If you believe you are suffering from PTSD, request a medical examination. You need an official diagnosis of post-traumatic stress disorder in your military records to protect your discharge and your rights to veterans benefits.
When to Request a Medical Exam
Do not wait to request a medical exam until a negative discharge is imminent. Request it as soon as possible when you recognize symptoms.
When the Military Is Required to Give You a Medical Exam
If you say you have PTSD, the military is required to give you a medical examination to evaluate whether you have PTSD before pushing you out of the service on dishonorable terms.
What to Expect During a Military Exam
Due to a high volume of PTSD among service members in the Middle East, the military is making efforts to screen for PTSD more effectively. Standards are being put in place for military medical clinicians to follow. An example is the U.S. Army Medical Command guidelines for standardized PTSD assessment and treatment issued in April 2012. Similar efforts are underway in other branches of the military.
These guidelines specifically state that your lack of prior treatment should not be used against you and acknowledge that many service members do not seek treatment for PTSD for fear of harming their careers.
Use Caution During a Medical Exam
Do not provide any information to a military doctor that can be used against you. Remember that the results of the examination will not be kept confidential. Do not volunteer any information about crimes you may have committed, drug use, or homosexual conduct, all of which can be used to subject you to a court-martial and dishonorable discharge.
Military Sexual Trauma and PTSD
If you have developed PTSD as a consequence of military sexual trauma (MST), please consider reporting the sexual assault or harassment and seeking medical treatment for it. Go to a private medical provider if you prefer not to seek treatment from the military.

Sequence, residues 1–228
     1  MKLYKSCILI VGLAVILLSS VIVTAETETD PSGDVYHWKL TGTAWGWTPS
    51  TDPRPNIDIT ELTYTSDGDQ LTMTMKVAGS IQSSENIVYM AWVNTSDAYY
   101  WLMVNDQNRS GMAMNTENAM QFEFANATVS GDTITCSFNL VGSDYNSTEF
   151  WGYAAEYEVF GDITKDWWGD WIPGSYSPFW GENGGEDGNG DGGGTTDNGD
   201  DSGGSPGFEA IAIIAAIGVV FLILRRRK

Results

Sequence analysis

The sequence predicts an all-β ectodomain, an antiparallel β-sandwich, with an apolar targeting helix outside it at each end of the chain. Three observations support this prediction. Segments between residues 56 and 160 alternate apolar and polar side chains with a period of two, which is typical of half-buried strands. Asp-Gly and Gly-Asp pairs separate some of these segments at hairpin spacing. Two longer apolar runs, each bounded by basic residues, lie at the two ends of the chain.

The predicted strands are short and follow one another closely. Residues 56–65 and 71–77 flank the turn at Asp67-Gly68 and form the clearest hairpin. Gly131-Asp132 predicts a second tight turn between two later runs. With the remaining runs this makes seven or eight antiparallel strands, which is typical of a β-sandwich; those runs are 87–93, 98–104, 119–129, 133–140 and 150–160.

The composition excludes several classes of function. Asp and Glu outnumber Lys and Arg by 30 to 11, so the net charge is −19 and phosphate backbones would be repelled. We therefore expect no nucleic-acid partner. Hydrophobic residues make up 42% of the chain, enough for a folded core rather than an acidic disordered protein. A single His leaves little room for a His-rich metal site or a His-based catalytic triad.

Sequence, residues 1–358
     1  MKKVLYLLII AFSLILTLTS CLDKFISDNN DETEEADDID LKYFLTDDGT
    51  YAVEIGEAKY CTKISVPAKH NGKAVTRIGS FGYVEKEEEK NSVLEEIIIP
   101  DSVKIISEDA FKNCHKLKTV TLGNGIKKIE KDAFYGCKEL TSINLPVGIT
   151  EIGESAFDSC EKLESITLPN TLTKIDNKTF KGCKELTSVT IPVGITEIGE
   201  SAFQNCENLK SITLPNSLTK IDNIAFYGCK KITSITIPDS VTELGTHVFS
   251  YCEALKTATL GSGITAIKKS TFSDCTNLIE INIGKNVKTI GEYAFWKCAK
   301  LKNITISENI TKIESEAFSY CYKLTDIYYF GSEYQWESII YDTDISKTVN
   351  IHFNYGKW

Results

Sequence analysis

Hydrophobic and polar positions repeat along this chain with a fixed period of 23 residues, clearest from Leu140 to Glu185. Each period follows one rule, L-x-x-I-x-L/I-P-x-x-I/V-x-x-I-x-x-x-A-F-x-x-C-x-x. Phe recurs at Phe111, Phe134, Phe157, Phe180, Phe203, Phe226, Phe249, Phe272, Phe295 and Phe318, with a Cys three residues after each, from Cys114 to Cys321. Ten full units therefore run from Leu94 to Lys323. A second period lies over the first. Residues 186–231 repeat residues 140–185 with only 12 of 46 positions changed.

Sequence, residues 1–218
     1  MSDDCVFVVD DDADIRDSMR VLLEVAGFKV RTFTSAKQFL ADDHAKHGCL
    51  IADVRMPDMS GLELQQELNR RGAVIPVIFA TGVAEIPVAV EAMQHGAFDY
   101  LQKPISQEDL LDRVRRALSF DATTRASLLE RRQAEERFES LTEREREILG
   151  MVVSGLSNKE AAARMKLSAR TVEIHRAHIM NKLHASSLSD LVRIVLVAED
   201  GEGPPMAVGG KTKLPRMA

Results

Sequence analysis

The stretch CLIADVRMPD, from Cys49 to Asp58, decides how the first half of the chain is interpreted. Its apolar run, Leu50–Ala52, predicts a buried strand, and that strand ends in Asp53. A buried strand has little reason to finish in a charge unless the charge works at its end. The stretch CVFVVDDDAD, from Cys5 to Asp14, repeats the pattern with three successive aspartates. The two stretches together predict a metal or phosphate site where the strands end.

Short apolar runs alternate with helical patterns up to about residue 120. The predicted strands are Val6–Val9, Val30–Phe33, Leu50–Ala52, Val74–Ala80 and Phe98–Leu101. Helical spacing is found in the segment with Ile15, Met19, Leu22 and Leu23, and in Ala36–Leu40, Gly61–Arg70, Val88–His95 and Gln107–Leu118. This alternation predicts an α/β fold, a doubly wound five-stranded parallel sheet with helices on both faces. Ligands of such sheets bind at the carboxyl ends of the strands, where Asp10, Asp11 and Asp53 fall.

Despite some changes in VA regulations, it can still be quite challenging to obtain benefits due to MST. The stigma against reporting these sexual assaults is significant, yet creating a paper trail can help you if you receive a negative discharge and need to seek an upgrade. (Keep copies of all documents relating to the MST and other evidence, don't wait and request them later as they may go "missing.")
This is important because, unfortunately, those on active duty who report sexual assaults may receive a dishonorable discharge, be released on a disqualifying disability discharge (for example, a personality disorder, which is not eligible for disability compensation), or receive other retaliation.
The Ruth Moore Act of 2013 currently before Congress would make it much easier to obtain benefits by requiring only a statement from the survivor of the sexual violence that it had occurred and eliminating the need for corroborating evidence. If the Ruth Moore Act is implemented, survivors of MST will need only submit a "stressor statement" about the sexual harassment or assault to establish that the violations occurred. This will make the benefits adjudication process for post-traumatic stress disorder due to MST the same as the process for all other PTSD disability claims.
Seeking a Disability Discharge for PTSD
If your post-traumatic stress disorder is very severe, you may wish to seek to be discharged from the military on the basis of a PTSD disability. You cannot apply for such a discharge; instead it must be recommended by a military doctor. Your doctor might recommend a disability discharge if your psychological symptoms substantially impair your ability to serve.